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Shmuel Shayowitz (NMLS#19871) is President and Chief Lending Officer at Approved Funding, a privately held local mortgage banker and direct lender. Shmuel has over two decades of industry experience, including licenses and certifications as a certified mortgage underwriter, residential review appraiser, licensed real estate agent, and direct FHA specialized underwriter. Shmuel provides a uniquely holistic approach to comprehensive real estate and financial matters that goes well beyond any single transaction. Shmuel is an award-winning financier recognized for maximizing the short-term and long-term objectives of his client. As a contributing writer to many local and regional newspapers and publications, his insights have been featured in the media for many topics, including mortgages, personal finance, appraisals, and real estate trends.

In my conversations with clients and business professionals across the country, I am always amazed at their perspectives on the economy. Of course, it’s natural for there to be a disparity amongst different people, but often their outlook and opinions gives me great insight on the pulse of a market. I have seen and heard it all. There have been some well-known public figures who would gauge a real estate region based on the traffic at the local coffee shop. Others follow sales of intangible clothing items to see if consumers are buying socks, accessories or the like. Everyone tries to predict in their own way, for their own purposes, how the economy is doing – especially when it comes to the financing or acquisition of real estate.

In a recent not well broadcasted news headline, LendingClub, a leading online peer-to-peer alternative lending platform announced that it is tightening its credit standards for new loans. Their move linked them with other lenders across the nation who have expressed concerns that riskier borrowers are taking on too much debt. They referenced worse-than-expected performance on loans in their portfolio which prompted the immediate change.

Additionally, in a recent Federal Reserve report, analysis of auto loans revealed that loans to borrowers with less than perfect credit are performing much worse than in previous years. While lending in this sect has been increasing over the past few years, the trends in satisfactory repayment timetables have been declining. Expect to soon see changes in the ease of getting new auto financing in the coming months.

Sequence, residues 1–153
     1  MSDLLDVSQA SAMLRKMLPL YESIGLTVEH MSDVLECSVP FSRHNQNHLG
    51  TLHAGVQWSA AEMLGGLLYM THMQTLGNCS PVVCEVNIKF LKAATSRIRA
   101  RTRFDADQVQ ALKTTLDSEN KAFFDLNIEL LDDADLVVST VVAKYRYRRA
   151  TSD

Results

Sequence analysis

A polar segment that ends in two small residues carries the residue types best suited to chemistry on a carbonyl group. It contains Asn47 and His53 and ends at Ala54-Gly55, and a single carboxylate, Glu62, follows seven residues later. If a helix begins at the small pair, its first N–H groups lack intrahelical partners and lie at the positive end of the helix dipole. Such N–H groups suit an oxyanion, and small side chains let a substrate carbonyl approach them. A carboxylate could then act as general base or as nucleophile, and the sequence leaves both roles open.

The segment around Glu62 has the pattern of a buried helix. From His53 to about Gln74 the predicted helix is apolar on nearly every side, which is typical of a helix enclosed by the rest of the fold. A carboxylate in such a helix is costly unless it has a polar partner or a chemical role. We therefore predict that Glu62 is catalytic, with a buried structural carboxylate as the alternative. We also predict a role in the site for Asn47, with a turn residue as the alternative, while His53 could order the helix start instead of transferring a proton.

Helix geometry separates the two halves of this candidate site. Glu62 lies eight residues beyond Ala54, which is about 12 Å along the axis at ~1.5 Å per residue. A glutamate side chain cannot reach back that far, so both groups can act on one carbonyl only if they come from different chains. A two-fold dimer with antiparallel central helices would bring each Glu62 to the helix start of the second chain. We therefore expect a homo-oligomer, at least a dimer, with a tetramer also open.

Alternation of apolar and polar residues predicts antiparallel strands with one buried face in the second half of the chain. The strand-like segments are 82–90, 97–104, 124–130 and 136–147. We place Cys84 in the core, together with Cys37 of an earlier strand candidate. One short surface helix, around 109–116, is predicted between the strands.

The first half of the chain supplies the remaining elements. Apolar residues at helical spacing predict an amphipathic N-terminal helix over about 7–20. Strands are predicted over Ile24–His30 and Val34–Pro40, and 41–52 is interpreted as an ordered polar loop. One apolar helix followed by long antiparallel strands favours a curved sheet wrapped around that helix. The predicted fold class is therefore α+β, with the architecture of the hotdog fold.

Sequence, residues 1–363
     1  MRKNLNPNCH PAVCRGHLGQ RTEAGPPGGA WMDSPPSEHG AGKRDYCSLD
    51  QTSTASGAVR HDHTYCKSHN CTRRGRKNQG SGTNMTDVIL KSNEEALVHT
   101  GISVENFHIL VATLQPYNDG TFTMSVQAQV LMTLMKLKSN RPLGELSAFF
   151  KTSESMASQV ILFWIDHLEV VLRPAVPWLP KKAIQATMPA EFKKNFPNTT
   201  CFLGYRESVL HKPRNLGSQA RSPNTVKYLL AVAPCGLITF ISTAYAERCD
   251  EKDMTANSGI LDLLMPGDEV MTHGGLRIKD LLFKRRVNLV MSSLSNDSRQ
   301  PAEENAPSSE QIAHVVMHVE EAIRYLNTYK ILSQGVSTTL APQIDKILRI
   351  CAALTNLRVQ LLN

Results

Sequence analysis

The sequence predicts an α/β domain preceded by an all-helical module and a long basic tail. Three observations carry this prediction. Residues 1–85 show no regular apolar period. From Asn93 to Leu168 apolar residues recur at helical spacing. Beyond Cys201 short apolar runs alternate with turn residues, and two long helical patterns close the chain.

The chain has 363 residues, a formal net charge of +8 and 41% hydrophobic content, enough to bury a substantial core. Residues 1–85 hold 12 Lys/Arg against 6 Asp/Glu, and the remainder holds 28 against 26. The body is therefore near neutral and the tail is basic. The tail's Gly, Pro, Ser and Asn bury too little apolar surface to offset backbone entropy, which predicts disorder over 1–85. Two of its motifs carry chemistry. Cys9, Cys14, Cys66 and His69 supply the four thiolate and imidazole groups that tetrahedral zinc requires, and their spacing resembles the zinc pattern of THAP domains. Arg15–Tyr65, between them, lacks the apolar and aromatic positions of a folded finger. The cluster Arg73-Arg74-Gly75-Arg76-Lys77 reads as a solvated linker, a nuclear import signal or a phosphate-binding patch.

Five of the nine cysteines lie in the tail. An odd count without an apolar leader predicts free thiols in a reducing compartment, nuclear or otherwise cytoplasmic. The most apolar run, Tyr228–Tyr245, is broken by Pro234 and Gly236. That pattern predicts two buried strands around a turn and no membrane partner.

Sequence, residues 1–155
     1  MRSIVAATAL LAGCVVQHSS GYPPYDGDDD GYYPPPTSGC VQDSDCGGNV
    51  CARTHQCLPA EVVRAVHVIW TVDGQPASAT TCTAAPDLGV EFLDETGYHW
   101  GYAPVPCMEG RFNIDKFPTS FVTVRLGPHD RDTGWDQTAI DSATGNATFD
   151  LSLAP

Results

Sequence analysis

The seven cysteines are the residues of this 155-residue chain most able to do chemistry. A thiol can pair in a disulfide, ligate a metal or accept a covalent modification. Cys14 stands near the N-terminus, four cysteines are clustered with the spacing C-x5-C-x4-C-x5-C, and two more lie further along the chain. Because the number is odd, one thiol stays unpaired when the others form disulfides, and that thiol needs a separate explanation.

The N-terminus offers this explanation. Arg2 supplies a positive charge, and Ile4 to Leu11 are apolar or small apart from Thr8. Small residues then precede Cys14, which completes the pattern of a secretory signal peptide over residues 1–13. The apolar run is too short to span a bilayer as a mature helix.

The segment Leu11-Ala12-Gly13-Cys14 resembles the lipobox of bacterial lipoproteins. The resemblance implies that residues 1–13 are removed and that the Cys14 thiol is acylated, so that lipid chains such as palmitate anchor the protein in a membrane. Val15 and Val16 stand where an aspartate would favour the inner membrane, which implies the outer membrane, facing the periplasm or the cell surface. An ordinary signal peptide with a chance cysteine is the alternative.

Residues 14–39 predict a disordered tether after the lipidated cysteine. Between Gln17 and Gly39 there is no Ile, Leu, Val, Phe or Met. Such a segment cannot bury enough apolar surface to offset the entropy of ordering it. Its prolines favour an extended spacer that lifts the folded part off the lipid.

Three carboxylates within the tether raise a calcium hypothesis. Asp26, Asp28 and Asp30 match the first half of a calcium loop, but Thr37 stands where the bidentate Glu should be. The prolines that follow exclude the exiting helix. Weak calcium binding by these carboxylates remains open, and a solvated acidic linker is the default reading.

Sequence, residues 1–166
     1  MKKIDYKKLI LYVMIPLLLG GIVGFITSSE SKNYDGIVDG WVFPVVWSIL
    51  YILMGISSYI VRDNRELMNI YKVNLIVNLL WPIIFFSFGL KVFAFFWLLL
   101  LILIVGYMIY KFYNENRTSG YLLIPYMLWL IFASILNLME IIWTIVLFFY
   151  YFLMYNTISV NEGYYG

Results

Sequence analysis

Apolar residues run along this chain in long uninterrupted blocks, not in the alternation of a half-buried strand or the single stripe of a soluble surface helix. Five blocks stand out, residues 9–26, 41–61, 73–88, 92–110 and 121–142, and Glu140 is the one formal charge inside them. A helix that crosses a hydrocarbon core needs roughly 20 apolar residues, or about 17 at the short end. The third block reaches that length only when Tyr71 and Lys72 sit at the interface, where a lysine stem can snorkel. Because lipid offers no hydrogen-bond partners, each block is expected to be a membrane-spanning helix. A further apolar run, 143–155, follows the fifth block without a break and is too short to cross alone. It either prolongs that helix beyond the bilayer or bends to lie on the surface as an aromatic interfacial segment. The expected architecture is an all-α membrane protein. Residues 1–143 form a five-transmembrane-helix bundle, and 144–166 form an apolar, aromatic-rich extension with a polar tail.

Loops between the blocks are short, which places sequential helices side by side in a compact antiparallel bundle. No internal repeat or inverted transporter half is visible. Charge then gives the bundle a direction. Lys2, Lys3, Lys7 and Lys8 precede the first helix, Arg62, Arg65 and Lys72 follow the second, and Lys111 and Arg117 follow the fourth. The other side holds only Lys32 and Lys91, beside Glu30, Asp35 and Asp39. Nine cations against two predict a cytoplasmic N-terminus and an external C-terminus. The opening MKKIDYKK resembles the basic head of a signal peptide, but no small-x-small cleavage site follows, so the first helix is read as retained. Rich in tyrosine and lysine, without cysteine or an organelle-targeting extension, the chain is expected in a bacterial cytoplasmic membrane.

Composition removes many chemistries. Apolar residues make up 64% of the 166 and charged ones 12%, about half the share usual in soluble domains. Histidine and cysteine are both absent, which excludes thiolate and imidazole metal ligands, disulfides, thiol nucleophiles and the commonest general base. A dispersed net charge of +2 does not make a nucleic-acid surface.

In more wide-ranging real estate news, Moody’s put out a report regarding commercial real estate highlighting the fact that for the first time since early 2016 markets are starting to decline. Furthermore, they noted that financing for commercial real estate properties nationally has become more difficult to arrange.

Then, there is the recent report published by Freddie Mac’s Chief Economist, Sean Becketti, who deliberated the likelihood of a “Real Estate Bubble.” I found it interesting to note that his answer to the question of, “Are we in a house price bubble?” was, “Not Yet.” Yikes?! His job is typically to be the “chief cheerleader” of the real estate economy – convincing everyone that real estate is a no-lose proposition. His comment certainly gave me pause, as I dissected the rest of his article.

Mr. Becketti went on to explain that market evidence does not support the fact that we are in a “bubble.” He did note that home prices have been soaring over the last five years, growing about twice as fast as the long-term average. He cited how increased home pricing has been disproportionate to ‘income growth,’ which is a strain on affordability. He referenced how a large number of metropolitan statistical areas have high price-to-income ratios and have suspiciously high house prices per square foot.

He compares and contrasts the current real estate marketplace to the one prior to the great recession. He concludes, “Despite the substantial house price increases in recent years and the evidence that house prices are unusually high in a growing number of metro areas, we do not believe there is a house price bubble at present.” Case closed? I think not. It is difficult to predict a recession or bubble until it has begun. Experts spend their lifetime analyzing data with no surefire way to predict this with certainty. When it comes to our friends “Debbie” or “Roger” who might be looking to buy or sell a house, there is no better method than to speak to a local expert who is in the trenches and sees first-hand, in real-time, how the market is performing. Real estate is a long-term hold and no one should be making decisions based on short-term predictions or trends.

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